OK. It’s confirmed. I set my Top Ten Staff Picks blog date way too far in the future. I thought this late date was a good idea originally, because I knew that I’d agonize over the list and change it several times as I remembered favorites or became disenchanted with others. I mean, I have a LOT of books on my keeper shelves. How to pick the top ten? I kept wishing I could narrow it down to, say, my top ten favorite Linda Howards, or top ten authors, or top ten historicals by location or time period. How about the top ten paranormals by era, shifter or vampire, erotic or more subtle? Ugh! After weeks of thinking about it I finally had a pretty firm list, which I put in a “safe place” from which it (of course) subsequently disappeared off the face of the planet. Here goes, in no particular order…
The Abandoned Bride by Edith Layton. There are a lot of extremely high quality Signet Regencies from this era, and this is my favorite, hands down. The mere fact that it wins a spot on the list over competition such as Carla Kelly and Mary Balogh says it all.
Note: Laurie Gold has graciously agreed to share her Top Ten picks here this week. Longtime readers here will remember that Laurie founded All About Romance, and you will see many columns and reviews from her in our archives. Though Laurie retired from AAR in 2008, she now contributes to Heroes and Heartbreakers, and still has plenty of opinions on books. – Lynn
When Blythe asked me to write this blog, she sent me a link to AAR Reviewer Maggie’s entry. I immediately liked it because, like Maggie, I have an impossible number of favorites from which to choose, and thought her idea of sampling from among subgenres was smart. Here, then, are my top ten romances, culled from historical, contemporary, paranormal, and romantic suspense subgenres, with funny, sad, and an erotic option thrown in for good measure. And to make it perhaps more useful, more than once I went for a less well-known author/book. Continue reading →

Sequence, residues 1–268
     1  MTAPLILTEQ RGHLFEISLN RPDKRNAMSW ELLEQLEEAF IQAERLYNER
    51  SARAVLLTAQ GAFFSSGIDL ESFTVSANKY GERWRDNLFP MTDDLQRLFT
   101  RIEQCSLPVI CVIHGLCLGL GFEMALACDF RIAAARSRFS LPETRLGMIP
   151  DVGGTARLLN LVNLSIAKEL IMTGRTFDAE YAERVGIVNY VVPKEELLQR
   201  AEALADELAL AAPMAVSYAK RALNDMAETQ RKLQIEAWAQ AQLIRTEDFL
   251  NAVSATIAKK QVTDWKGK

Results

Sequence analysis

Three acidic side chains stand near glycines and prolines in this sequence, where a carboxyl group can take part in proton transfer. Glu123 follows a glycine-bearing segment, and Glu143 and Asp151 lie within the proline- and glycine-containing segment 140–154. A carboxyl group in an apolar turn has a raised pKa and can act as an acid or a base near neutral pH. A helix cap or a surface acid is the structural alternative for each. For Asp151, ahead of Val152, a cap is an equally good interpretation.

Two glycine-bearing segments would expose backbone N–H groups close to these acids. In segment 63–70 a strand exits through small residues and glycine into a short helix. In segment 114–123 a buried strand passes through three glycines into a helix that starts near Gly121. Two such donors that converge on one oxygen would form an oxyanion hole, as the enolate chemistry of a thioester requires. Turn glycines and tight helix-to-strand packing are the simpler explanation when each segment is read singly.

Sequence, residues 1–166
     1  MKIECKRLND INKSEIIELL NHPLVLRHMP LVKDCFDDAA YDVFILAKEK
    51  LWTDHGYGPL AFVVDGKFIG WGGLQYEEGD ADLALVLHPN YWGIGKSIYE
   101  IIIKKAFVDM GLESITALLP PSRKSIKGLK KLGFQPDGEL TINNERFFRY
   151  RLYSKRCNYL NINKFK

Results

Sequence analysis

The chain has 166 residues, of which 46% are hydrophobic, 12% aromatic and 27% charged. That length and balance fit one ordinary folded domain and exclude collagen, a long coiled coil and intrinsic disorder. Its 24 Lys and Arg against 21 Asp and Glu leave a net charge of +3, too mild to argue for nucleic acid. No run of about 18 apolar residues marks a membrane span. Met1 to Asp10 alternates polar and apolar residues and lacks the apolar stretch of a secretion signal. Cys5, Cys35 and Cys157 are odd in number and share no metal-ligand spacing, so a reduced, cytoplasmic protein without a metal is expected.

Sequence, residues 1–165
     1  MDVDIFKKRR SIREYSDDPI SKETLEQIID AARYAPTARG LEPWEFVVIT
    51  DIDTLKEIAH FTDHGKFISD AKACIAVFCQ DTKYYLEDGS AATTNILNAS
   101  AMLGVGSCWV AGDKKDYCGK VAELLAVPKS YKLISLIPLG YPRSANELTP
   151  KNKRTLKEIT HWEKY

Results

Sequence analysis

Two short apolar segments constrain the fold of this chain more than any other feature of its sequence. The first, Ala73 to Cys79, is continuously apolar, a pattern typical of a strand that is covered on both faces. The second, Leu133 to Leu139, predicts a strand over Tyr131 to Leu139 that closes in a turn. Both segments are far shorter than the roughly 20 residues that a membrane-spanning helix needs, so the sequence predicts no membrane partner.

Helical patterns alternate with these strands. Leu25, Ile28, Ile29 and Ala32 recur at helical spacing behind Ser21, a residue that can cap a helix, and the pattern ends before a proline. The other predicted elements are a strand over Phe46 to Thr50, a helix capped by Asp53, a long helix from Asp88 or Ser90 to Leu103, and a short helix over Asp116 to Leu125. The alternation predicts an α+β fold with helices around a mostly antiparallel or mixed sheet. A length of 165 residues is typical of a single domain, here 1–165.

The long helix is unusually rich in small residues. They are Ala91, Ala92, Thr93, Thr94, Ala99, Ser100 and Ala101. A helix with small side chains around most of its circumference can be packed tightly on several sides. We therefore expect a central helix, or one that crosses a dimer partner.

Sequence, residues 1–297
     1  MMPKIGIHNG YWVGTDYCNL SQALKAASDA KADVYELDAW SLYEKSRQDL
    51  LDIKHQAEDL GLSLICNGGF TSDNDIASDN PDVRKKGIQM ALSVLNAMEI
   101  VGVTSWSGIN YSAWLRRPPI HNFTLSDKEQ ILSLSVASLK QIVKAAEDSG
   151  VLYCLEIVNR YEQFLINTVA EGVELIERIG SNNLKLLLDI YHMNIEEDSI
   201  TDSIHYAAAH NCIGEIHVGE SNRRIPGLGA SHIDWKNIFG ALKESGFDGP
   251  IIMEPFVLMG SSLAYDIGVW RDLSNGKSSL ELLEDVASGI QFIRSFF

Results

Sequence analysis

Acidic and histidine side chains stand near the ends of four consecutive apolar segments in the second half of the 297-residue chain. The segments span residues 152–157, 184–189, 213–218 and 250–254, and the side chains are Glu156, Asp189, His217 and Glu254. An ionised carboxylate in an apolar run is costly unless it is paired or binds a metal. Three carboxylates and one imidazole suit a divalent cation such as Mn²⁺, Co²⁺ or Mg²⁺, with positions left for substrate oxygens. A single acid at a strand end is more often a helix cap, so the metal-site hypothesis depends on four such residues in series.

Week after week after week I’ve been reading the other AAR staffers Top Ten blogs and have been hoping they wouldn’t choose some of my favorite books, but some were indeed chosen (The Windflower by Laura London; Mr. Impossible by Loretta Chase; Chase the Moon by Catherine Nicholson; and The Spymaster’s Lady by Joanna Bourne) so I decided to go with books that haven’t been chosen yet (I hope).
I don’t review books but instead help with behind the scenes work as well as being one of the three pollsters who calculate ballots for the Annual Poll and the Top 100 Poll which AAR runs every three years.
If I’m on a desert isle, and I can only have ten books, I want stories with excellent plots, memorable characters and that extra something that makes me feel an emotion – laughter, sadness (but not too much sadness), joy, angst, wonder – but stories that end with a happy ending. Most of these books I have read at least twice, if not more, so they have stood up to the test of time for me.
I suppose I could gush even more so about each book but I’ve learned over the years to downplay my enthusiasm for a book when trying to suggest someone read it. Too much high praise raises expectations. I can’t tell you how many times I’ve read a movie review where the critic says “the audience was standing and cheering at the end.” Uh huh. NEVER have been at a movie theater when that happened. Continue reading →
“Disability” can mean a whole lot of things: blindness, paralysis, amputated limbs, deafness, a chronic illness, brain damage. When I first started writing this blog, I thought it was a rare occurrence in romance novels. However, when I asked the staff here at AAR to brainstorm, we came up with a much longer list than I had anticipated.
Over the years here, we’ve said quite a bit about the TSTL(Too Stupid To Live) nutter, one of the heroines we love to hate. And I have long been among those who have hated them most fervently and vocally. The mere letters of this acronym bring to mind so many rage ridden reading moments it’s hard to think of them without boiling blood. My favorite TSTL moment to hate remains the moment in Elizabeth Adler’s Sailing to Capri when Daisy, who had been told by Sir Robert to trust noone but Harry begins to trust everyone around her except Harry – with whom she cleverly verbally spars throughout the rest of the book. Which brings to mind other moments, like when Tristan, Duke of Shelbourn, agrees to the most ridiculous idea ever proposed in Regency bride hunting — a sort of The Bachelor style situation in which he was dating/courting an entire room full of women at once. For that I almost threw Vicky Dreiling’s How to Marry a Duke against the wall. Yet last night, on my millionth or so watching of the movie Charade with Audrey Hepburn and Cary Grant, I realized that there are moments when TSTL lends itself quite well to romance.